3325. The Sweetest Thing (2002)

0
7.5 Delightfully moronic
  • Acting 7.6
  • Directing 7.5
  • Story 7.5
  • User Ratings (0 Votes) 0

Starring: Cameron Diaz, Christina Applegate, Selma Blair

Director: Roger Kumble

Running Time: 91 mins


The Sweetest Thing is an American film about a woman who, after finding a love connection at a club, sets off with her friend to find the man she met.

The Sweetest Thing isn’t the most intelligent film ever made. It’s not the most original film ever made. And nor is it even the most hilarious film ever made. But you know what? It’s a hell of a lot of fun, and fantastically moronic from start to finish.

In a similar vein to the likes of Old School or Superbad which came after it, The Sweetest Thing is unashamedly ridiculous and raunchy throughout. Complete with zany and lively leading performances from Cameron Diaz and Christina Applegate, this is very much frat comedy at its best.

And what’s even better is that it’s one of the earlier (and better) examples of female-led frat comedy, with a no-holds-barred screenplay and two leading actresses who really do give their all in the silliest way.

The first act of the film is a little mellower, and although we see a confident trio of female leads sparring with men in the clubs, it doesn’t quite deliver the same level of ridiculous hilarity as when we see Diaz and Applegate go on the road in pursuit of a mystery man.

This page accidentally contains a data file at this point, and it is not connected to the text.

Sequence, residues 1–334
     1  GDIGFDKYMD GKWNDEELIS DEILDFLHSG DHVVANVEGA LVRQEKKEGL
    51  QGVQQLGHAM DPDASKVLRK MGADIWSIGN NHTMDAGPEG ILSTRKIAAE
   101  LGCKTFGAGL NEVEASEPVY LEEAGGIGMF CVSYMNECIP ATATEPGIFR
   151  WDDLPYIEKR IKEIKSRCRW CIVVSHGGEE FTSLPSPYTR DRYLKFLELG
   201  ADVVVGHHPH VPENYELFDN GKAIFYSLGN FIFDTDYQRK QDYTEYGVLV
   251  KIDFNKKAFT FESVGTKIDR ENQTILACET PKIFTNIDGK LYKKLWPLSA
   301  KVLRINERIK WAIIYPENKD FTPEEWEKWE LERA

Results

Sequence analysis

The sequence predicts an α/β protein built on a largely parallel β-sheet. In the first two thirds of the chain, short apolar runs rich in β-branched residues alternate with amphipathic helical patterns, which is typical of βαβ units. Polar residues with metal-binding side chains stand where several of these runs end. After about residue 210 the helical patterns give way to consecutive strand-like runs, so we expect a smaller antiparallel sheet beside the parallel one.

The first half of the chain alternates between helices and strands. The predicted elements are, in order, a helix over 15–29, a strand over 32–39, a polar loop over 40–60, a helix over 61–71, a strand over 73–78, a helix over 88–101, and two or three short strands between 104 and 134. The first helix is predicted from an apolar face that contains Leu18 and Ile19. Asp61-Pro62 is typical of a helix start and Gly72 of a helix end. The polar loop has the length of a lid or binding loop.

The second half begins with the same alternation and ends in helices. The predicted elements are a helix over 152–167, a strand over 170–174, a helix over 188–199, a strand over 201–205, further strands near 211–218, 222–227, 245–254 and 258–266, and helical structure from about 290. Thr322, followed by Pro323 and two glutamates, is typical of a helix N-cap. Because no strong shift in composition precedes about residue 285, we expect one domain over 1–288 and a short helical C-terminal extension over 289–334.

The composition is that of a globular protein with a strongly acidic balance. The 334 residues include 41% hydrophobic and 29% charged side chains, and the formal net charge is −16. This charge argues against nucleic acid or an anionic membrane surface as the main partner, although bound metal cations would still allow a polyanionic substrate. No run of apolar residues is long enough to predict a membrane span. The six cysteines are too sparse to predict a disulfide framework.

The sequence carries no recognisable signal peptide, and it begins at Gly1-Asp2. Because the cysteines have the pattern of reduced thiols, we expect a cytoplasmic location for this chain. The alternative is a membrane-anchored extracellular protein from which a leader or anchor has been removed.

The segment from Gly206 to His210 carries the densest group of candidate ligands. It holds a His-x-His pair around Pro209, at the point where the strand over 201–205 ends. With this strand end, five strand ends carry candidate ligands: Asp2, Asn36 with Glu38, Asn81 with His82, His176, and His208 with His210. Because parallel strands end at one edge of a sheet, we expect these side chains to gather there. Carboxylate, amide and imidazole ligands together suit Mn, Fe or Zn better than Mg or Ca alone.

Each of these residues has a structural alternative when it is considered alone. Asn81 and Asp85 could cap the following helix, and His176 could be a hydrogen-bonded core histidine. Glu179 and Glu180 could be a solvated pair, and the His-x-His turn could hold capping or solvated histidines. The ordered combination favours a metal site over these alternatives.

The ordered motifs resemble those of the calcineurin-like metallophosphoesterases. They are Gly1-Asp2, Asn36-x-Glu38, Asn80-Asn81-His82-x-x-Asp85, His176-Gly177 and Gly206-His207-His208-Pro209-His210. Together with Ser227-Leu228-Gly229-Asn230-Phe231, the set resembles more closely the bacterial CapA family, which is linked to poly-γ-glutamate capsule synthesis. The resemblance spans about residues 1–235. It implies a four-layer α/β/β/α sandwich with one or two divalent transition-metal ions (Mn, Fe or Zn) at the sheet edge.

That’s when things really kick into gear with The Sweetest Thing, as we see both Diaz and Applegate commit to some fantastically funny moments of physical comedy, all the while starring in two genuinely likable roles as never-say-die friends.

That brings a nice, heartfelt element to a film that otherwise appears like a load of braindead nonsense on the surface, which put a real smile on my face come the end of the movie.

As I said at the beginning, The Sweetest Thing isn’t the world’s most intelligent, original or funny film, but it’s a heap of fun to watch throughout, thanks to a fun-loving, delightfully moronic story, great performances and even a moment or two of really heartfelt storytelling. So, that’s why I’m giving it a 7.5 overall.

Share.

About Author

The Mad Movie Man, AKA Anthony Cullen, writes articles and reviews about movies and the world of cinema. Since January 1st, 2013, he has watched and reviewed a movie every day. This is the blog dedicated to the project: www.madmovieman.com